It was a hard fought campaign for both candidates! Now that the election is over, it’s not about Republicans or Democrats…
We are all in the end Americans!
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Since it was erected, the Statue of Liberty has been put on a pedestal as one of our nation’s most significant icons. But did you know that celebrity auctions, quite literally, helped put Lady Liberty on her high horse? Read below on how America’s symbol of freedom, justice and hope almost didn’t make it home.
The Statue of Liberty has been gracing New York Harbor since its dedication in 1886. A gift from France, Lady Liberty has, in the century plus since, become a symbol for freedom, justice, and hope across the country.
And, but for a dedicated newspaper man, it almost did not made its way to America.
When France offered the Statue to the United States, it did so with the understanding that while France would fund the construction of the statue itself, the U.S. would be responsible for building the statue’s pedestal. This latter part proved controversial and difficult. The United States was still reeling economically from the Panic of 1873 and the statue was a decorative, non-functional public works project — and therefore, considered a luxury. The tenor of the populace was probably well captured by the New York Times, which opined in the late 1870s that “no true patriot can countenance any such expenditures for bronze females in the present state of our finances.”
When fundraising began in 1882, it was slow going. The pedestal would cost about a quarter of a million dollars (or about $5.5 million in present day terms), and the fundraising committee found early success by auctioning off donated items from the era’s celebrities. Then entered Joseph Pulitzer. The famed owner of the St. Louis Post-Dispatch and New York World (and, of course, the namesake of the later-created Pulitzer Prizes) was an outspoken supporter of the Statue project and wanted to see it built to completion. He offered to publish the name of anyone who donated to the pedestal project, no matter how small the amount donated. Pulitzer’s campaign spread throughout the country and response was overwhelming. Over 120,000 people made donations, with 80% of the donors giving under a dollar. And Pulitzer reached his goal: his offer brought in just over $100,000, and construction on the Statue of Liberty’s pedestal resumed.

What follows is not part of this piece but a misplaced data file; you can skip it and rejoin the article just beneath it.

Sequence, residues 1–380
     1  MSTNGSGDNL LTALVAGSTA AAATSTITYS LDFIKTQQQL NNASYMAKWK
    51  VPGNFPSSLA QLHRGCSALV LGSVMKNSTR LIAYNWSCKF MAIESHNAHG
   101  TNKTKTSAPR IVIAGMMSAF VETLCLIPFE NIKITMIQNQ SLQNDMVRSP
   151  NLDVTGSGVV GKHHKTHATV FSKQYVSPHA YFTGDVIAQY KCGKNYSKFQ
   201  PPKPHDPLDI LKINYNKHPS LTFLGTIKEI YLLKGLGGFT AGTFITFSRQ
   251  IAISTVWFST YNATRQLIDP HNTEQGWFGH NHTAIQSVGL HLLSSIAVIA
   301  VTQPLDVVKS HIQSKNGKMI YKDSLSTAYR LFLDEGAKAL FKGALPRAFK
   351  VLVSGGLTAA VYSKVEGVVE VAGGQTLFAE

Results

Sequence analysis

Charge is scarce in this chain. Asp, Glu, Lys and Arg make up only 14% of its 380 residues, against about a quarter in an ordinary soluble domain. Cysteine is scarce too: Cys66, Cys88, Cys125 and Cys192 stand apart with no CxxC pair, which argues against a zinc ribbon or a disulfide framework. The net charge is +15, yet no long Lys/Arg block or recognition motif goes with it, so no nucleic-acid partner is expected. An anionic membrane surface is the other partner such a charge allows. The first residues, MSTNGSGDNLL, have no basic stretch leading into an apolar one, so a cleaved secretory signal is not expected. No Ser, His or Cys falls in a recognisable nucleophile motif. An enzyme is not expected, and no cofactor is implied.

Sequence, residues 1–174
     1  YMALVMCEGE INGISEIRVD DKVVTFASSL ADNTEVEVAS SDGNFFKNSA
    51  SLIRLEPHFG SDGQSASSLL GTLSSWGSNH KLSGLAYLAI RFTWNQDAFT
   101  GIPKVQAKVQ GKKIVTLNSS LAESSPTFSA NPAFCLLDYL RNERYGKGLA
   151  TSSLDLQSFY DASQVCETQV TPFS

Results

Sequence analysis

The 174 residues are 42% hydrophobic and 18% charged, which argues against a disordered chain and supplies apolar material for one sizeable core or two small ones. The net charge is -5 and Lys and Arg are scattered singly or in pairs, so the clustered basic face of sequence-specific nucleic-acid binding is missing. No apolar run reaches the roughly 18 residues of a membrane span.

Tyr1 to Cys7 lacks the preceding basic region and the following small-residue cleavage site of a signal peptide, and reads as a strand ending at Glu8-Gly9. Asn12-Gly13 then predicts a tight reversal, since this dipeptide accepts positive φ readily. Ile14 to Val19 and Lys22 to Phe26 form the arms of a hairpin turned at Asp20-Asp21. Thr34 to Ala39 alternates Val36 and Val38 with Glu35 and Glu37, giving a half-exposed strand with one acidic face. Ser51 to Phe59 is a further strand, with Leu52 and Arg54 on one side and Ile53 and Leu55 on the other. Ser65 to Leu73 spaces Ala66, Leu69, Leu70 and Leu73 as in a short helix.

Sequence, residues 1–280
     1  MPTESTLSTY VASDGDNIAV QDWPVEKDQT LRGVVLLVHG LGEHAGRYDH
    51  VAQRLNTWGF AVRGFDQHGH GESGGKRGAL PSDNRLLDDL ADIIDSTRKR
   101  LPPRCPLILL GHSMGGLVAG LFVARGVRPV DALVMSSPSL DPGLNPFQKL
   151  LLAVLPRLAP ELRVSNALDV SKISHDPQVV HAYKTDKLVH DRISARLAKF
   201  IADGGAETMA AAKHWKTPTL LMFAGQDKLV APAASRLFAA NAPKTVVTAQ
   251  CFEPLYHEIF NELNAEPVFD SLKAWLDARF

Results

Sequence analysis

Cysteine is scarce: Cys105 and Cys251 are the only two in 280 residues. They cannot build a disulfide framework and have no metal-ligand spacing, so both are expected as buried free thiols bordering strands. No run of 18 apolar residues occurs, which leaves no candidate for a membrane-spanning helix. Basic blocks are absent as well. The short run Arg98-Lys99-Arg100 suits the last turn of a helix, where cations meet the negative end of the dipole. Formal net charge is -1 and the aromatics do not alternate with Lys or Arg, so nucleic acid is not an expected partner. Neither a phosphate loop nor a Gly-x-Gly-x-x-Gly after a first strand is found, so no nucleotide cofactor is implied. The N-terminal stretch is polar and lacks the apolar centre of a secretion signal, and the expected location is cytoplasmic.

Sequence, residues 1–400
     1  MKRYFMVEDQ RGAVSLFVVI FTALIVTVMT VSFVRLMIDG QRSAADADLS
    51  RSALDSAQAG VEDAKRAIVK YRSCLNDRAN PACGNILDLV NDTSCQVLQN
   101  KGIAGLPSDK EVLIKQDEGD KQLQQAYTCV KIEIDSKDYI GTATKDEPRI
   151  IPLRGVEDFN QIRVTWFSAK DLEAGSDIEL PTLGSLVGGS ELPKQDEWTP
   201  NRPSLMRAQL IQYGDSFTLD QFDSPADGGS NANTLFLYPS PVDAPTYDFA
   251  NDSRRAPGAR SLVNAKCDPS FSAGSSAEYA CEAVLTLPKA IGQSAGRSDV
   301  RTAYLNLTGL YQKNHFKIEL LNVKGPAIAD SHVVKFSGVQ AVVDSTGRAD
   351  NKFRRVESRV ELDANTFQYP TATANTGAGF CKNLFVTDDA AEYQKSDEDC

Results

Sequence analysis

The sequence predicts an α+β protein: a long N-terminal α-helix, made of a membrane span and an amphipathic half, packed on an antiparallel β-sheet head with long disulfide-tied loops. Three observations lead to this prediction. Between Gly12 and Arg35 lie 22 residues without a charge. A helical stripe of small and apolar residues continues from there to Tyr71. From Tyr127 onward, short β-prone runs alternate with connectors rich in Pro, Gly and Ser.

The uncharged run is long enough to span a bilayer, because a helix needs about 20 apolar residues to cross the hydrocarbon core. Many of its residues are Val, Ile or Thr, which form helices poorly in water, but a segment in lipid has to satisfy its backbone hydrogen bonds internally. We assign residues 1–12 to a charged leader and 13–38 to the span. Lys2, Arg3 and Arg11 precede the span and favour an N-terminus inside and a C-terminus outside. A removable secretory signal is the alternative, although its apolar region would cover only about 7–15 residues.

For the full article, please visit NowIKnow.com
“Time is passing. Yet, for the United States of America, there will be no forgetting September the 11th. We will remember every rescuer who died in honor. We will remember every family that lives in grief. We will remember the fire and ash, the last phone calls, the funerals of the children. “
-George W. Bush
Today, September 11th, 2011 marks the tenth anniversary of the horrific terrorist attack that left death, destruction and pain in its wake. On this day, it is important to reflect back on everything that we lost that day, as individuals, as families and friends, and as a country. Remember the lives lost, the heroes made, and the lessons learned, so that we may honor our fellow Americans and remain united for our future.